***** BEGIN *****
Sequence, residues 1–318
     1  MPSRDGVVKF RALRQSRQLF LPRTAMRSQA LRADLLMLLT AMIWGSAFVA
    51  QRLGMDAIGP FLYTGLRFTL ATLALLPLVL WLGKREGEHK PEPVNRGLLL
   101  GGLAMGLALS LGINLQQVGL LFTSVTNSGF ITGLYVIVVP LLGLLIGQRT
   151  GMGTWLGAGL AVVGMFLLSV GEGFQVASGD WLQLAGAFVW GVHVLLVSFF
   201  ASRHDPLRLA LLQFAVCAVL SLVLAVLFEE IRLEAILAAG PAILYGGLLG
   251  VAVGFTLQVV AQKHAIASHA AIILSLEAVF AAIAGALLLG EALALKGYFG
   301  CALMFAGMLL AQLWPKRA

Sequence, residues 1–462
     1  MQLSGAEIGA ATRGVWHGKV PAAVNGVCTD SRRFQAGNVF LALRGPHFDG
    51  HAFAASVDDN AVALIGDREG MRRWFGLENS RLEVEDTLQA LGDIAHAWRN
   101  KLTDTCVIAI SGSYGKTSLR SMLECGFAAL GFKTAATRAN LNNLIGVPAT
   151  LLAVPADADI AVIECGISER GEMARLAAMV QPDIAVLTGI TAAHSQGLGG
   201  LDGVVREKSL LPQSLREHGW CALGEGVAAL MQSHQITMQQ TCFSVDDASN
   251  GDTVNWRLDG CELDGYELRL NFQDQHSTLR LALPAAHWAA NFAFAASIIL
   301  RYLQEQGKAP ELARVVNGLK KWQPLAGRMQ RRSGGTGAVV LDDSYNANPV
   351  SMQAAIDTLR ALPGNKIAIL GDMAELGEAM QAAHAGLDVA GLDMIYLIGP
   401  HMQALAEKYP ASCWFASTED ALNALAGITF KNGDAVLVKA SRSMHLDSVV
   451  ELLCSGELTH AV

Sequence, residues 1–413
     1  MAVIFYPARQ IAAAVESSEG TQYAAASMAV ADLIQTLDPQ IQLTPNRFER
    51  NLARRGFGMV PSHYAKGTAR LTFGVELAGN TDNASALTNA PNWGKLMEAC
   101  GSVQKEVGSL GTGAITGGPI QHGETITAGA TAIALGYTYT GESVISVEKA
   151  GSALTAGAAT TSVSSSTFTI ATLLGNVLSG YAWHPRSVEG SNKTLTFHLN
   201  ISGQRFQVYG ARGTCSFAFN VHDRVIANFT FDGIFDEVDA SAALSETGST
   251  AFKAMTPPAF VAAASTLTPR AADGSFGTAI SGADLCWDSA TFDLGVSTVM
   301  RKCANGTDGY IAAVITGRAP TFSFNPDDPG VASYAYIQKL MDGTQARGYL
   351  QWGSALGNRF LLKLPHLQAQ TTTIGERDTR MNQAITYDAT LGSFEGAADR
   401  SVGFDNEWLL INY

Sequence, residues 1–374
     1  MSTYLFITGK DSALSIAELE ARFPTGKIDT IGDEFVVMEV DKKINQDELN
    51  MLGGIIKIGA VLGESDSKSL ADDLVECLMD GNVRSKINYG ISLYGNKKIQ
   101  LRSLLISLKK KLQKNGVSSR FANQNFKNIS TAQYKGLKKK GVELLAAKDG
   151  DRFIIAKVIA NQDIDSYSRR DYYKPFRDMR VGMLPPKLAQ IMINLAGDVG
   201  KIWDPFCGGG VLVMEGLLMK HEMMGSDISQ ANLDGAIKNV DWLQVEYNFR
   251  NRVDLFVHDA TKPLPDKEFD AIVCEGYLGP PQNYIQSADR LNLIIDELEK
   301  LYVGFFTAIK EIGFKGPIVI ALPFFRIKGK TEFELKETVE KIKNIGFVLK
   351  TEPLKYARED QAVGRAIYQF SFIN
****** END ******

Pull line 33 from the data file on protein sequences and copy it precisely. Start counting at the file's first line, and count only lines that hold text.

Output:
   101  LRSLLISLKK KLQKNGVSSR FANQNFKNIS TAQYKGLKKK GVELLAAKDG